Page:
More surgical hubs to tackle NHS waiting lists are being called for by the Royal College of Surgeons of England following a report warning the backlog will rise to over eight million by next summer.
College president Mr Tim Mitchell said the ‘sobering analysis’ from the Health Foundation highlights that the Prime Minister Rishi Sunak’s pledge to cut waiting lists is highly unlikely to be achieved.
‘To tackle waiting lists in a meaningful and sustainable way, we need transformative solutions. Continuing to invest in surgical hubs across the country, focusing on the areas with the longest waits, would allow surgeons to operate more efficiently,’ he said.
‘Hubs protect planned surgery from stoppages during busy periods when resources are diverted to emergency pressures.’
Mr Mitchell blamed a ballooning of waiting lists over the past decade on underinvestment and workforce shortages. The Covid-19 pandemic had exacerbated these pressures and while industrial action had contributed to delays, the roots of the crisis preceded the strikes.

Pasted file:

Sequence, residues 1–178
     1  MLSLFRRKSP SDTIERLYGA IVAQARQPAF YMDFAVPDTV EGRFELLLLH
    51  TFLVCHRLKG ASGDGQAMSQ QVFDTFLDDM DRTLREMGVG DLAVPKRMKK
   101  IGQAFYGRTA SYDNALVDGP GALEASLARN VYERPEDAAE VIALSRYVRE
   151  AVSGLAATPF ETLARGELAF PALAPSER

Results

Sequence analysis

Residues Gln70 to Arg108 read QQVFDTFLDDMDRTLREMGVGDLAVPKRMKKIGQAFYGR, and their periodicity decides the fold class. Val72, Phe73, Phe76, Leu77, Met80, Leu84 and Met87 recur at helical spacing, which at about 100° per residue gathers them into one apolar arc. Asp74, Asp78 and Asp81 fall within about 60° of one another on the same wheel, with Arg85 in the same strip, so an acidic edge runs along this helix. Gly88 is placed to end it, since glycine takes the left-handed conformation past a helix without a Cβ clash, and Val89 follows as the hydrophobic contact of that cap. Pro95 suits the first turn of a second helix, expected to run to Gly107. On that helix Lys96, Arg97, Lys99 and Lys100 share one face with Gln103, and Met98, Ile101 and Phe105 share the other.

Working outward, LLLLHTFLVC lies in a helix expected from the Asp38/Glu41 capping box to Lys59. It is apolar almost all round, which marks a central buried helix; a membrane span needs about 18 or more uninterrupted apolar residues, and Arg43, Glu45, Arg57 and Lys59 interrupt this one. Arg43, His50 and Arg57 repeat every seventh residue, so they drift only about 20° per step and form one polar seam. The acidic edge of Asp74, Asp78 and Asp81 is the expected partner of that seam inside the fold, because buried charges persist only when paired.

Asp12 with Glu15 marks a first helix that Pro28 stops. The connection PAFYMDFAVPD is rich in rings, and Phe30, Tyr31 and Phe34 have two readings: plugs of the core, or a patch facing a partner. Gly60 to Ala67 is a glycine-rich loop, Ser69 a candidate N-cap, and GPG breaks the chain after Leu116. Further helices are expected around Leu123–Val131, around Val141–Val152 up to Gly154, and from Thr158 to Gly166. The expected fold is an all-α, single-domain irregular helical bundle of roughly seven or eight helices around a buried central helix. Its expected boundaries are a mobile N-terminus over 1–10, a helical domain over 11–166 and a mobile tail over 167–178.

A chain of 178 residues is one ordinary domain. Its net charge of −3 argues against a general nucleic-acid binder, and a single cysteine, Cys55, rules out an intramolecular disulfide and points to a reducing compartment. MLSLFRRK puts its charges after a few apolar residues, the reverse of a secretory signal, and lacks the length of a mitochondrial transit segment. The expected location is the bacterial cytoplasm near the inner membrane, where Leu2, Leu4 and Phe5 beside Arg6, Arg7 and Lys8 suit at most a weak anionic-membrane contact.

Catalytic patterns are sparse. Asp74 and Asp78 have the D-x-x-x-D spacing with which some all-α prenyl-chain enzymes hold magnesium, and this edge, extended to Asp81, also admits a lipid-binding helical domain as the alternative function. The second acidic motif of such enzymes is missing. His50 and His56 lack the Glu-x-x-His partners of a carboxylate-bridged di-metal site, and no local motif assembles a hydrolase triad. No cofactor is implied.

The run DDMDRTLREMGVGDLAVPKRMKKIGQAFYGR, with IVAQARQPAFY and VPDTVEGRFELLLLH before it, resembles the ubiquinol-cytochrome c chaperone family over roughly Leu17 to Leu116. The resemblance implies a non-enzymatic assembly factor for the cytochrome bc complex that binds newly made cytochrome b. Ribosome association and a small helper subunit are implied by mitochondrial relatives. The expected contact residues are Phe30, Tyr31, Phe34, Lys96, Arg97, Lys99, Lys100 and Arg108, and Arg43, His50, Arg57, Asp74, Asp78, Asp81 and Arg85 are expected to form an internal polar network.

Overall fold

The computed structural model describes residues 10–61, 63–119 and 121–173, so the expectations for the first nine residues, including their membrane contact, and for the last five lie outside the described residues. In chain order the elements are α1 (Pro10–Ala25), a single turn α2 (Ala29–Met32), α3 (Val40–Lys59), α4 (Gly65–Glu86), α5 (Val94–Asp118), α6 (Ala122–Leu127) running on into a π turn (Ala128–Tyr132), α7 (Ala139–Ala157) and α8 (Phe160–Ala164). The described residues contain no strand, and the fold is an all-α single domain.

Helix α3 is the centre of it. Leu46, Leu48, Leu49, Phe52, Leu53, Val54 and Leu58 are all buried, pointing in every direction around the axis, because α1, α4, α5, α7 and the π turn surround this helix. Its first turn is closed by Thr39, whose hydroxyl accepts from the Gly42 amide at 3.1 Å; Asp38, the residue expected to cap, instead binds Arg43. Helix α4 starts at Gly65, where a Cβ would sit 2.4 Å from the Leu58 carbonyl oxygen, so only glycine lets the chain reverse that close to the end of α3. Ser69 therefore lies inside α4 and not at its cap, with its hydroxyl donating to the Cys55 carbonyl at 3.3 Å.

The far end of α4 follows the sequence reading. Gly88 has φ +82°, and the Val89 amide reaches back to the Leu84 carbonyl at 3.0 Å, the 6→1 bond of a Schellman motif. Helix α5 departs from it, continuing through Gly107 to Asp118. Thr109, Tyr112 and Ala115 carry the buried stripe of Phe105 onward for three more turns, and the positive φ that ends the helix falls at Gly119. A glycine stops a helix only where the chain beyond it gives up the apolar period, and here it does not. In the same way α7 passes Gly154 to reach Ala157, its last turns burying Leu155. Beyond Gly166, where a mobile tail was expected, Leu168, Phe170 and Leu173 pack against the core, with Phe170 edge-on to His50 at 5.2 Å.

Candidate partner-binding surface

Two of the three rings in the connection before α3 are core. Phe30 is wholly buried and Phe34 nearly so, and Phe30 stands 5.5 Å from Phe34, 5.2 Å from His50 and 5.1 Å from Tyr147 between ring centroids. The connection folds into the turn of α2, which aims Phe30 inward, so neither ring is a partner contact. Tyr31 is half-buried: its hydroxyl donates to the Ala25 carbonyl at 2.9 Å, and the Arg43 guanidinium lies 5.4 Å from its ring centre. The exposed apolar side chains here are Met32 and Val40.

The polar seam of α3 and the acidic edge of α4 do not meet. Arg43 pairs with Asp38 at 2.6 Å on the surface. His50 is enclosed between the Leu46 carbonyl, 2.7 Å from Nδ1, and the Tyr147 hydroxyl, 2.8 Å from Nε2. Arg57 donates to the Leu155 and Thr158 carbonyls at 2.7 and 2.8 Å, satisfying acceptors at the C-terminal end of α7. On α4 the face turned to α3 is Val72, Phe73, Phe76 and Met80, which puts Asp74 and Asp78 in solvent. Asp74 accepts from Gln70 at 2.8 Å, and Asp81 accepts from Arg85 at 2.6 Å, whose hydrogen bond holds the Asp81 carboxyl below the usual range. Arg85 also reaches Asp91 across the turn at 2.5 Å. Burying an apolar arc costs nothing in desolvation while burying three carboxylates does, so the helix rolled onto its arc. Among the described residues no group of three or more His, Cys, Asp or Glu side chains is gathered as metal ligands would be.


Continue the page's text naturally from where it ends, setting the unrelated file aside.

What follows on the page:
Now it was crucial to also improve staff morale and retention – and recruiting new staff was only half of the solution.
‘Providing a supportive, well-resourced working environment is vital to reducing burnout. Otherwise, the NHS risks being caught in a revolving door, as we continuously lose the very staff we are trying to hire. By supporting staff and providing the resources they need to do their jobs, we can begin to reduce waiting times,’ Mr Mitchell said.
Responding to NHSE monthly performance figures, David Furness of the Independent Healthcare Providers Network (IHPN) said a rise in the number of people waiting 65 weeks was troubling.
‘To have nearly 110,000 people waiting 65 weeks – a rise of nearly 13,000 in a month – particularly given the focus there has been on this group of very long waiters – is especially concerning.
‘We need urgently to be pulling on every lever at our disposal, including deploying the capacity which exists within the independent sector to treat NHS patients more quickly.’